They have been traditionally regarded as bad omens, to be kept away from social gatherings and auspicious occasions. Shunned by family and community, widows from across India have sought refuge in Vrindavan, Uttar Pradesh, for decades.
Most of them are abandoned by their families, or humiliated and forced to leave their homes. An estimated 15,000 widows find themselves on the streets of Vrindavan begging, and of these, only a miniscule have found shelter in the government ashrams. This is the grim, shameful scenario that Delhi-based NGO Maitri is trying to change.
Since 2010, the NGO has reached out to about 500 widows, providing them with midday meals, fruits, medicines, nutritional supplements and clothes. It also helps these women gain access to government benefits like medical insurance, Below Poverty Line cards, widow's and old age pension, and provides them with regular medical care as well as specialized healthcare for cancer, cataracts, etc.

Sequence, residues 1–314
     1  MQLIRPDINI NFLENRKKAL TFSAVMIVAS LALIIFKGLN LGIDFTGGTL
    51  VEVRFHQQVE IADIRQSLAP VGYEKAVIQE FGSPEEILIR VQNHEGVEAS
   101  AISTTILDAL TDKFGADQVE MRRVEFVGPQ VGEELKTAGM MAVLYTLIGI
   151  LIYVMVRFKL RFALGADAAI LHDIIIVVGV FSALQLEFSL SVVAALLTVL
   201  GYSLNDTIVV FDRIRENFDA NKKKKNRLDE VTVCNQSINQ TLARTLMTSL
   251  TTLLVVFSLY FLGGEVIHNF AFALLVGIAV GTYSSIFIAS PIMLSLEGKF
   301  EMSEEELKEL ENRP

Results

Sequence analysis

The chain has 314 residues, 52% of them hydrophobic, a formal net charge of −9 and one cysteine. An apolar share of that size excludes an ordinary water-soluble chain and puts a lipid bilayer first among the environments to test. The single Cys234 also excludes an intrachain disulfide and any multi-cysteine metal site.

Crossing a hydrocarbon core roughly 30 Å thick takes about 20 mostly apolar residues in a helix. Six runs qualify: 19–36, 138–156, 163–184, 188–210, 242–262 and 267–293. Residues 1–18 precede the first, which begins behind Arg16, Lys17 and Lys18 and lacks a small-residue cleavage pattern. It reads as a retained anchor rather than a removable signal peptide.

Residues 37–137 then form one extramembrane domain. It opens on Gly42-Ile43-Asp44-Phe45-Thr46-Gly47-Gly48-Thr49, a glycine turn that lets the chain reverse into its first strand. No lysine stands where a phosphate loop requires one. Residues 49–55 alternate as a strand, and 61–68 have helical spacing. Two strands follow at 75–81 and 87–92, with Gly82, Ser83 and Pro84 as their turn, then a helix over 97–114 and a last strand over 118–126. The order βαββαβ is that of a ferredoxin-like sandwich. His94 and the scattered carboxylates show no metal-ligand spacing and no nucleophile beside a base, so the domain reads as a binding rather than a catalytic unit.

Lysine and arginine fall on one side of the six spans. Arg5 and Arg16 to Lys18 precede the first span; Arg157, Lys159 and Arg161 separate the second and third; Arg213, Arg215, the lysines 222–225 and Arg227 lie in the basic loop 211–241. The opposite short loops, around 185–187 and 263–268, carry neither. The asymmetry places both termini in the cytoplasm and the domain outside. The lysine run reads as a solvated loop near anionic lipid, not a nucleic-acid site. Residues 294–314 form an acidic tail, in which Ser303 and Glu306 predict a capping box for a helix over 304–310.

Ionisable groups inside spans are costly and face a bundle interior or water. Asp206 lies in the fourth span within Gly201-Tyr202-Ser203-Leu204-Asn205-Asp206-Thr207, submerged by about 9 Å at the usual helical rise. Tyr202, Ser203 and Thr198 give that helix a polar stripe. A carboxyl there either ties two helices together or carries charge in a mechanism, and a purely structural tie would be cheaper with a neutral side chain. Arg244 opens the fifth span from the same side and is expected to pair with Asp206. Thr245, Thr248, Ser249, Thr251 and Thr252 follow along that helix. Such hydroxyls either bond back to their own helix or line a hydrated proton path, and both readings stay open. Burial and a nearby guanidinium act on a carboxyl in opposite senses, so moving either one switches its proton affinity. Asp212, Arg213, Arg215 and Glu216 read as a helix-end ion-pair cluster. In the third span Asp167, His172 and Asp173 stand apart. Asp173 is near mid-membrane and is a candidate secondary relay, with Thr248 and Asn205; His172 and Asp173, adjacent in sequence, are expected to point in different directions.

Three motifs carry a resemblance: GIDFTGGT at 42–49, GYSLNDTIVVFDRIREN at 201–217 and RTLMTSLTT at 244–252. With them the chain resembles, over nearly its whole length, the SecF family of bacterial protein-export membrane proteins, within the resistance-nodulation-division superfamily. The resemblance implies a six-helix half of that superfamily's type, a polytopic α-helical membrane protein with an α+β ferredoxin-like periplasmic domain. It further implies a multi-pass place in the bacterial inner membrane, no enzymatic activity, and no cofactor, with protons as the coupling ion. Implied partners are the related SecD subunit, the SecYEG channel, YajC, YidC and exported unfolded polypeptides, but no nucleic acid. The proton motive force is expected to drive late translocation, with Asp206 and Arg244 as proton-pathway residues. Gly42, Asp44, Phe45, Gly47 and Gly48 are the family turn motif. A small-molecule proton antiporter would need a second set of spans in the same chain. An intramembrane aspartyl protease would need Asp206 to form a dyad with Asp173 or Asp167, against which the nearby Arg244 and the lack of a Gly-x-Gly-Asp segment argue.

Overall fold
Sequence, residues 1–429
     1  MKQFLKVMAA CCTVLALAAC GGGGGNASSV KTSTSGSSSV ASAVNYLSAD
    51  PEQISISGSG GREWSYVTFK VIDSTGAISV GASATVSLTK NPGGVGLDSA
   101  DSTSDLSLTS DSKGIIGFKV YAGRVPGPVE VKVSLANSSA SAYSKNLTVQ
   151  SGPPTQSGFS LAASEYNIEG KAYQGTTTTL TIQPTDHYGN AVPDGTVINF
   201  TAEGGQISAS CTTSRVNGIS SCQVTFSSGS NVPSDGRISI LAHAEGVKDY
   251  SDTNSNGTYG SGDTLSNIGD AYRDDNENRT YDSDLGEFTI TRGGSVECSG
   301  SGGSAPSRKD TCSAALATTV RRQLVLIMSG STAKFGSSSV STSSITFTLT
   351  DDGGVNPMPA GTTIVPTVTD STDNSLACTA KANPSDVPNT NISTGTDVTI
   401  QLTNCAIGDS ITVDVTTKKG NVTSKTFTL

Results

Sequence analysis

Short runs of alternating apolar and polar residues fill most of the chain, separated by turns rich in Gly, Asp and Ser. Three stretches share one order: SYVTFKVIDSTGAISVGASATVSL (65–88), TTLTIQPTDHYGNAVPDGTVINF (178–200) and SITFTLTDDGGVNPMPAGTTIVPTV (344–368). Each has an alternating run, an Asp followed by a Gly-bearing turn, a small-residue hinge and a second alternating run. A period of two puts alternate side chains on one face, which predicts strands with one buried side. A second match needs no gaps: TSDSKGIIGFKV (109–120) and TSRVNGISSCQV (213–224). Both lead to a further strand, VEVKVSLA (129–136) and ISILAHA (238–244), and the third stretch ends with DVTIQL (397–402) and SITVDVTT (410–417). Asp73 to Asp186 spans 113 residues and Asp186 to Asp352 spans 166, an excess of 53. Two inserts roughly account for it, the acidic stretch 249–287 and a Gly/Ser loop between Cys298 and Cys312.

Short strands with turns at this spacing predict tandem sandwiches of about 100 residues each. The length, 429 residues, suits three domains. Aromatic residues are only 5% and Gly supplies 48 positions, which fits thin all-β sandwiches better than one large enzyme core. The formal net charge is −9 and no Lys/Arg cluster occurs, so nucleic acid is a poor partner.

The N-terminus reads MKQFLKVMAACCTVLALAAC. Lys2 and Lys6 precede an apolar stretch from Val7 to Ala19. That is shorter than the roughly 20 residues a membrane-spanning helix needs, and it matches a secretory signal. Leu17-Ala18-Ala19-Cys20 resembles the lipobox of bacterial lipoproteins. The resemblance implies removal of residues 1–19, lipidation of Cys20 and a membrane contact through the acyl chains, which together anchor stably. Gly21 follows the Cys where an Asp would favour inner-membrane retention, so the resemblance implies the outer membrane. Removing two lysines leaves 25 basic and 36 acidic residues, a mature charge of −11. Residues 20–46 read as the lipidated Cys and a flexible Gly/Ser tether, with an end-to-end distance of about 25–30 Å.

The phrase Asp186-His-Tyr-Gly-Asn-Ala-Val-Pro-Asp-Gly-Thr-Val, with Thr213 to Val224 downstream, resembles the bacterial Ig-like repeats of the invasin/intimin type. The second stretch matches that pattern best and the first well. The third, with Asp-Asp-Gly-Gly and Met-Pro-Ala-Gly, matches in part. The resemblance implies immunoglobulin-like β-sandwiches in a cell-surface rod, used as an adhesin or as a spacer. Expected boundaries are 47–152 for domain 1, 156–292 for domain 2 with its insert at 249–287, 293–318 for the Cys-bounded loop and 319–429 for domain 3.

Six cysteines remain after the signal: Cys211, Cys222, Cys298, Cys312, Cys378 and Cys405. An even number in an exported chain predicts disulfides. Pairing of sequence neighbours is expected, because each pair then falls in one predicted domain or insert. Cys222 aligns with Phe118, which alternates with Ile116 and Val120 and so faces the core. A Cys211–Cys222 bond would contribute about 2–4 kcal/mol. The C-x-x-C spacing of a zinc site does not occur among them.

Maitri plans to build a home in Vrindavan that will accommodate 100 widows and function as a resource centre for training in geriatric care. Called Maitrighar, it will provide shelter and widows will be able to learn skills for income generation here, always keeping in mind their health and spiritual desires. The organization is also partnering with companies to create employment opportunities for the widows.
Maitri's efforts are a small step towards restoring to these women the dignity and respect they deserve. Clearly, much more needs to be done, given the fact many, even today, regard widows as untouchables.
"Awareness is of key essence, especially in today's changing times where, with the advent of nuclear families, respect for the elderly is eroding. The show was a timely effort."
- Winnie Singh, Executive Director, Maitri
Founded in 2005, Delhi-based Maitri works in the areas of public health, violence against women and welfare of vulnerable populations. This work has led the organization towards caring for abandoned, destitute and elderly widows, educating underprivileged children, providing primary healthcare to migrant rickshaw drivers, helping survivors of domestic violence develop coping skills, and counselling people with HIV/AIDS. Maitri currently works with more than 500 widows in Vrindavan and Radha Kund, and hopes to support and empower many more in the future.